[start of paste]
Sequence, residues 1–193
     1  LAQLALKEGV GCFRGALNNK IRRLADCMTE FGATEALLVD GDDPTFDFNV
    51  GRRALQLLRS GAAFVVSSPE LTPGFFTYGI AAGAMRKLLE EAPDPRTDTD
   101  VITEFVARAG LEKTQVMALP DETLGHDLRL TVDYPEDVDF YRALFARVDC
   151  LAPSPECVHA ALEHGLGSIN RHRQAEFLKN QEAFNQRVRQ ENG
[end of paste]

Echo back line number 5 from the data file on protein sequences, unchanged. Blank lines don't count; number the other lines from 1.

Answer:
   151  LAPSPECVHA ALEHGLGSIN RHRQAEFLKN QEAFNQRVRQ ENG